- The first is the extent to which the client feels understood by the consultant. Be aware that it’s not just a matter of soft “listening skills” (empathy), but also a matter of business understanding about the industry that the customer is working in
- The second is comprehensive and consistent communication between the two
- The third is the enthusiasm the consultant demonstrates for the project
Essentially, if the client gets a positive feeling for all three, his satisfaction will increase.
The good news about all the drivers above is that they fall under your control.Unfortunately, there is one catch. The customer’s perception of satisfaction isn’t influenced solely by your actions.
Beware of the uncommitted customer
The essence of a consulting engagement is that consultant and client work together to solve a problem, therefore client-specific factors will also influence the outcome:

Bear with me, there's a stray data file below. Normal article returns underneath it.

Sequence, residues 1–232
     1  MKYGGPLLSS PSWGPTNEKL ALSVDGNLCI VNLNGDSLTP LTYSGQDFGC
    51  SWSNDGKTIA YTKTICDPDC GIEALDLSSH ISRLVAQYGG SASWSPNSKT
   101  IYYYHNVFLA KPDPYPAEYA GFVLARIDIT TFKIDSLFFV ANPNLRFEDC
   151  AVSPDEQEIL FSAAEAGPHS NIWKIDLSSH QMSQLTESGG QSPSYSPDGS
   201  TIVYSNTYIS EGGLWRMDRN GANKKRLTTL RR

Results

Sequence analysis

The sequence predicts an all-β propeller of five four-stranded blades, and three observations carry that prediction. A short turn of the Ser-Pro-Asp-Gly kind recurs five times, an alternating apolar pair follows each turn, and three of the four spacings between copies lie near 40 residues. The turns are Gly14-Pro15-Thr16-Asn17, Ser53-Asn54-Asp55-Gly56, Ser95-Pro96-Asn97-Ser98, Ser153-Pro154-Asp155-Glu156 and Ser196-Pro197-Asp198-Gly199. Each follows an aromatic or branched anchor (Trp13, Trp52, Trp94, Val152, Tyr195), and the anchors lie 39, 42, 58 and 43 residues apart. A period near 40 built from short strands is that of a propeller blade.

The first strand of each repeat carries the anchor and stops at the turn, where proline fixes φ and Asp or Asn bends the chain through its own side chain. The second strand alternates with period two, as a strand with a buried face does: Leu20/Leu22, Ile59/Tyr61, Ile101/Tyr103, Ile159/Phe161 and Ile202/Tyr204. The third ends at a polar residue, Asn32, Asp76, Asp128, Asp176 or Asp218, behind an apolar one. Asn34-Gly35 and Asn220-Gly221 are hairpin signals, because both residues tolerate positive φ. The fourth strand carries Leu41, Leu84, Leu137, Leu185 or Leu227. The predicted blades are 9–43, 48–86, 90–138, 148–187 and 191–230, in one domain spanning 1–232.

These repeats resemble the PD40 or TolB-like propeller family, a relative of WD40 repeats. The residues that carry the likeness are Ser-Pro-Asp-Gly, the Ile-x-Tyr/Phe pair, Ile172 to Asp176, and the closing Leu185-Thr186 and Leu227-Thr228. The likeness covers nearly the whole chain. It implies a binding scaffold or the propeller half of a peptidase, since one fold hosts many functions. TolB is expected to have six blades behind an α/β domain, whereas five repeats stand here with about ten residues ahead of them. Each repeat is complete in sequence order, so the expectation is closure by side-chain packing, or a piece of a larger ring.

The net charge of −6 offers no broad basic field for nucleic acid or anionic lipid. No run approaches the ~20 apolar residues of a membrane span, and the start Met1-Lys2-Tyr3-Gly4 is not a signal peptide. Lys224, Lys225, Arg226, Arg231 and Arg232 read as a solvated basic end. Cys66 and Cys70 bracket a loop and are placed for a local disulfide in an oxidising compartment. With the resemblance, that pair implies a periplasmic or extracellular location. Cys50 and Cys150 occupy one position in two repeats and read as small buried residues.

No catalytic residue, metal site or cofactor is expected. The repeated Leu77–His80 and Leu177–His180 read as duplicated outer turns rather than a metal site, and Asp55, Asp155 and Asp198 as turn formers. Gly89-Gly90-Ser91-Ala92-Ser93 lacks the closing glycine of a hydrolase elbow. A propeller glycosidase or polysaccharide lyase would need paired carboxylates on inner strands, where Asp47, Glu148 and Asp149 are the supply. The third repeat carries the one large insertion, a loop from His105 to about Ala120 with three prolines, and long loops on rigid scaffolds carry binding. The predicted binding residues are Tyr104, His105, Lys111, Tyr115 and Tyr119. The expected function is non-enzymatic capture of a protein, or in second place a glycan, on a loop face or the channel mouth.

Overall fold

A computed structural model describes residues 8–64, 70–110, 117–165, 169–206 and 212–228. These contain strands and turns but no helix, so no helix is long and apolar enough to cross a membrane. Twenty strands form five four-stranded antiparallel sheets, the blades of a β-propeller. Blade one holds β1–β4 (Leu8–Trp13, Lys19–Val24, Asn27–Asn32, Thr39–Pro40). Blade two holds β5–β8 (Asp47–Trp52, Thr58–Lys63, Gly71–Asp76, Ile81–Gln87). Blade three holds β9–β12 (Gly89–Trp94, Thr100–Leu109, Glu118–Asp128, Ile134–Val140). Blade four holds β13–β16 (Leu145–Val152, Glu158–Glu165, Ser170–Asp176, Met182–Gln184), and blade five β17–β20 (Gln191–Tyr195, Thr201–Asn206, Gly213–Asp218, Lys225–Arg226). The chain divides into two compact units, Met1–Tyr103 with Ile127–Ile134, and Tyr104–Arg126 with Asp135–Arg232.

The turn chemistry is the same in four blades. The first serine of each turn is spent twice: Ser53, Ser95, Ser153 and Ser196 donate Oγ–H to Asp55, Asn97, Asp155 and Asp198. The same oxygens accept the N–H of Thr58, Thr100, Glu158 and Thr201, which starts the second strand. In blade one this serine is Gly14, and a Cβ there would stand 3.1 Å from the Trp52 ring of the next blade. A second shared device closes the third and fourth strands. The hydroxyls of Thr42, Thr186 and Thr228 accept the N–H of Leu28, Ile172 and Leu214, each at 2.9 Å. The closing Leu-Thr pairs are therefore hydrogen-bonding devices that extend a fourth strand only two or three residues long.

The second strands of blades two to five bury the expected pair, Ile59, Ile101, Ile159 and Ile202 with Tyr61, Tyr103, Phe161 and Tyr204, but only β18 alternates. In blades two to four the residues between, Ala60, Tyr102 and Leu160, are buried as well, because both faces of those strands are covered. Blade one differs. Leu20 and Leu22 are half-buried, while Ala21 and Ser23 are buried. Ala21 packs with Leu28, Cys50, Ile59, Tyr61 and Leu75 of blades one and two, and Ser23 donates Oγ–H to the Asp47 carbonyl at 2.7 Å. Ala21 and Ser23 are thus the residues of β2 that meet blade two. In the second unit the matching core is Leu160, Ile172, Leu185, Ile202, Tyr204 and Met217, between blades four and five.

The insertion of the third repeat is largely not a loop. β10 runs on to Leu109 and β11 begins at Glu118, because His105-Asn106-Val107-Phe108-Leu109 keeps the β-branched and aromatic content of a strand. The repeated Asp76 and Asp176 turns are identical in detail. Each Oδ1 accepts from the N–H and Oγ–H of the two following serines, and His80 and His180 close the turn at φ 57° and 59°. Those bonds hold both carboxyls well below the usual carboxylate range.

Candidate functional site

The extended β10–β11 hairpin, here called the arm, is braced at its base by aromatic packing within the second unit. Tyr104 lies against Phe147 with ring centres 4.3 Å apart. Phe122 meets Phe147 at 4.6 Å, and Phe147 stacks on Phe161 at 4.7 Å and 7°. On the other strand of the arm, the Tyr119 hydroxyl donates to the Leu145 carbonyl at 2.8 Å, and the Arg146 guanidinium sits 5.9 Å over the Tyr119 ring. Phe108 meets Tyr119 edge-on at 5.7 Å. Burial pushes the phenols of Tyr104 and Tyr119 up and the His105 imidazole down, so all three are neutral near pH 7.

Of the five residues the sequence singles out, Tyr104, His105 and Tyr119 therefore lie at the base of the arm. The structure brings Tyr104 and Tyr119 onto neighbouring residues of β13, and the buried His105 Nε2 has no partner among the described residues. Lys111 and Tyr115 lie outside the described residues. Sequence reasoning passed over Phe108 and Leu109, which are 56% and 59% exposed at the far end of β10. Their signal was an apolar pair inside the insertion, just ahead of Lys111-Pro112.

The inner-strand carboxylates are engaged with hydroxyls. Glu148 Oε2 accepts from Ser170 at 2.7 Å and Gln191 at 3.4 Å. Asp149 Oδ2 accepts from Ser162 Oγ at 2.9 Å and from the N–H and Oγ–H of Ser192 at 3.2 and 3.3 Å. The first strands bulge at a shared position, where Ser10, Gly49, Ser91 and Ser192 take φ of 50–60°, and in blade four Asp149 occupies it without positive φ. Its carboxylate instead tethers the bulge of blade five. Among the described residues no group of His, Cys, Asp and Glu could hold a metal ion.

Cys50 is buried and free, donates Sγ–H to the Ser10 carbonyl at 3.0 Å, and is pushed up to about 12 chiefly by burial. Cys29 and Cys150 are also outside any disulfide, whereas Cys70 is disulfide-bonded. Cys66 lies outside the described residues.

“The consultant’s job is to work with the client in specifying the problem and solving the project. It is a process where the client is actively participating in the service production and thereby also influences the outcome quality.”
The research shows that in particular, the allocation of client resources to the project is important. What this means is that you should beware of taking on projects the client doesn’t seem fully committed to. If you do, the client may end up having a worse opinion of you because of his own shortcomings!
Summing it up: the 3-step plan to customer satisfaction
The chart below neatly summarises what we’ve covered above, and even indicates how relatively important each factor is.
From this, we can derive a simple 3-step process to increase your customers’ loyalty:
- Make sure you deliver quality work that solves your clients problem, and get it right the first time
- Communicate consistently with the client, show him you understand his problem and show your enthusiasm for solving that problem
- Beware of taking on projects that the client doesn’t look committed to
By applying these three rules, you’ll build up a solid base of repeat customers and ensure the success of your agency for a while to come. Chances are you’ll even get some positive word-of-mouth out of it, neatly achieving the holy grail of PR efforts